Of course, the crudest way of dealing with potentially threatening information is usually not easy. Continuously rejecting contrary information is exhausting, and it is more likely that in the absence of any other regulatory process, encountering this information a sufficient amount of times will indeed lead to shifts in one’s map (even if it occurs through a painful reorientation of ourselves in the World).

The next regulatory mechanism we use (frequently in conjunction with outright rejection) is doubling down: to draw battle lines in the sand and build more and more extreme fortresses to keep out the waves. Each wave that comes in weakens the castle, the map of the World, that I have built, and it becomes a vicious struggle between my ability to delude myself and the pressure of the World coming into contact with me.

We see this in the gradually increasing extremism of opinions of many:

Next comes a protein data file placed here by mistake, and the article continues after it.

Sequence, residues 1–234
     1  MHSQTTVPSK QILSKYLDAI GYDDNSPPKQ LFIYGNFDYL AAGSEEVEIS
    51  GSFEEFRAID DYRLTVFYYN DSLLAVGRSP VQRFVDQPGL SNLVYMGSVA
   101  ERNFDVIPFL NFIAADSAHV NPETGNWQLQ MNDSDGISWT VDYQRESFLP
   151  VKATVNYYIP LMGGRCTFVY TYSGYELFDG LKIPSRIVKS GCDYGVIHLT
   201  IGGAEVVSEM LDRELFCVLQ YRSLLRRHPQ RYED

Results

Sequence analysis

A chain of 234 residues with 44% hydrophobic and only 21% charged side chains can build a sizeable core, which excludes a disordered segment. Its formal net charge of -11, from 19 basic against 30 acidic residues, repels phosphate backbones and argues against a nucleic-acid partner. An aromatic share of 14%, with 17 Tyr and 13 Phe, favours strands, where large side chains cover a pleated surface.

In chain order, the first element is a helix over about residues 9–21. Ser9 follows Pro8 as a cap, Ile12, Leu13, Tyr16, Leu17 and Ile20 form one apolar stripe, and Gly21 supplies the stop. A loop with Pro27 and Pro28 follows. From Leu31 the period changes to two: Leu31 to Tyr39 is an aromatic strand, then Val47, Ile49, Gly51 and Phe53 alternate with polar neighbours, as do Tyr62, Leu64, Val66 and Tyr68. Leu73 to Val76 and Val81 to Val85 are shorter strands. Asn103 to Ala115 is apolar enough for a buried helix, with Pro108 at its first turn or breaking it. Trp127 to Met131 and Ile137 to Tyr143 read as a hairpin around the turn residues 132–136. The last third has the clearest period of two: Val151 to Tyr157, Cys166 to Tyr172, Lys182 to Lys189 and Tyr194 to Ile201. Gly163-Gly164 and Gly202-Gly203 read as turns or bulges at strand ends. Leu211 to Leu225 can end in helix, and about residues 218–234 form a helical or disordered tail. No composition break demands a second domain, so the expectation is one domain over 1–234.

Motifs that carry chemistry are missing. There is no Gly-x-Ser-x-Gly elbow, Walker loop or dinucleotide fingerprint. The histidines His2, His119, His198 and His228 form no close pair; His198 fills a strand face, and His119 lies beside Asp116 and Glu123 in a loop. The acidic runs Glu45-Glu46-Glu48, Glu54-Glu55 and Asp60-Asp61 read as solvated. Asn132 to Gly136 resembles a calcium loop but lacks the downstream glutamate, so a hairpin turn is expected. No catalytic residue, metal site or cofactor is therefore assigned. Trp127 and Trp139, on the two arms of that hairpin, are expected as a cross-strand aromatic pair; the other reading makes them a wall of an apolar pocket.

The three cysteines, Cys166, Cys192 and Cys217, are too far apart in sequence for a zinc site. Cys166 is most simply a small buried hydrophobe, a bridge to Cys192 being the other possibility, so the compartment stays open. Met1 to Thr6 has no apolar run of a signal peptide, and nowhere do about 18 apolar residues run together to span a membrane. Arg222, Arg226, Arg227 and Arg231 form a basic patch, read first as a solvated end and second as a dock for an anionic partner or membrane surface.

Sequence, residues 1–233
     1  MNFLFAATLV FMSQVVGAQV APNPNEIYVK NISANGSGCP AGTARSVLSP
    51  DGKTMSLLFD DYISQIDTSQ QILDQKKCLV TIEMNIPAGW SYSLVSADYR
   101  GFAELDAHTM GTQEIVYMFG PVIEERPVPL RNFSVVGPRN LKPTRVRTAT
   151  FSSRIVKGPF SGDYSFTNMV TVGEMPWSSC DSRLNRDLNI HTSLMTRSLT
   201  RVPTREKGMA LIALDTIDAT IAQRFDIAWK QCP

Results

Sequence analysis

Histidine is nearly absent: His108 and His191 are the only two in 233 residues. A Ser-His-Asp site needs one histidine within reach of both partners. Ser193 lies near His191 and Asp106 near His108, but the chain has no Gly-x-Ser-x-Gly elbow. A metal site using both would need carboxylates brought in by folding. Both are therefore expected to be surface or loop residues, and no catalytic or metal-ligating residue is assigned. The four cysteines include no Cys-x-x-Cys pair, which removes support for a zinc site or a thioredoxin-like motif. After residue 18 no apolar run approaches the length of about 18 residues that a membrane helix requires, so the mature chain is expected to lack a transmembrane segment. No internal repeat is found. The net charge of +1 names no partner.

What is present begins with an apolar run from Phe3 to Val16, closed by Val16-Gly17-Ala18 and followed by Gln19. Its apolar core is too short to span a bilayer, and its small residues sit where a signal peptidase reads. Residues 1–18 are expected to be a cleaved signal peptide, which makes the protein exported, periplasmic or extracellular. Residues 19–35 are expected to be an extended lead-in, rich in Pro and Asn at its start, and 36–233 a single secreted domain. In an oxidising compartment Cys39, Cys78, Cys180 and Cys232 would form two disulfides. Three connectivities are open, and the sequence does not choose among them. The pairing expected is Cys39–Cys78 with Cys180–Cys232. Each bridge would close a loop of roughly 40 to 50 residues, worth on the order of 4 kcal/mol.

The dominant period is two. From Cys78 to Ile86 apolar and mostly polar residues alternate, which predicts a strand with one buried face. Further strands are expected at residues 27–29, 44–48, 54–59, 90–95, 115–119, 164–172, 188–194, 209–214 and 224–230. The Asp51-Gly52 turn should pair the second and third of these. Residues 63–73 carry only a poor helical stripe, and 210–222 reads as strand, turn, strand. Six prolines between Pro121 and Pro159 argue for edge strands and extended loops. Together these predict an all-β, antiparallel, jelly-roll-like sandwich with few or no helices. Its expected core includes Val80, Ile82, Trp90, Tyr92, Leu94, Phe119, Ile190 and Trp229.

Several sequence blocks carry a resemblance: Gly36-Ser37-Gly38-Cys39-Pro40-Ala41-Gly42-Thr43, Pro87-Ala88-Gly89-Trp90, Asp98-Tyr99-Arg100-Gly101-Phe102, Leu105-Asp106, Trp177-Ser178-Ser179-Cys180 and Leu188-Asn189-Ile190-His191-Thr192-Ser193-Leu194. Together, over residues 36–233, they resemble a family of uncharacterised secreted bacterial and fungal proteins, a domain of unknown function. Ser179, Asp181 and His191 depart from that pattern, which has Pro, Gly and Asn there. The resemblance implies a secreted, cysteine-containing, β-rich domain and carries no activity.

Where does “white guilt” come from if not from the development of holding an ideal of equality and then believing that holding that ideal demands one rejects the privileged position “whiteness” grants you? If my moral map states that “whiteness” is some Thing that grants those who hold it a privileged position in the World, and I perceive “equality” as a value, a ‘good’, that guides me, of course one must reject this “whiteness”.

And this is only made more obvious with the relation of friend/enemy politics and the derangement that results. If the other side is bad, I cannot attribute to them any motivations that I would perceive as good, like caring about workers rights, etc. They must only be analyzed to have bad intentions. Which means two things:

  1. I will attribute to them intentions/values I perceive as bad, even if they did not have those motivations at all.